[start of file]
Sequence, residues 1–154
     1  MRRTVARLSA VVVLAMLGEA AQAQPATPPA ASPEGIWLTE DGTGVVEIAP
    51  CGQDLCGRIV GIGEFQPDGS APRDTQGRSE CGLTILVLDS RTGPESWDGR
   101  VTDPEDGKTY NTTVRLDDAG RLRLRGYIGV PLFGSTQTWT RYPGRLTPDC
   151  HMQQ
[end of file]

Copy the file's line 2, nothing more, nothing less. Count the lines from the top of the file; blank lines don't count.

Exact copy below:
     1  MRRTVARLSA VVVLAMLGEA AQAQPATPPA ASPEGIWLTE DGTGVVEIAP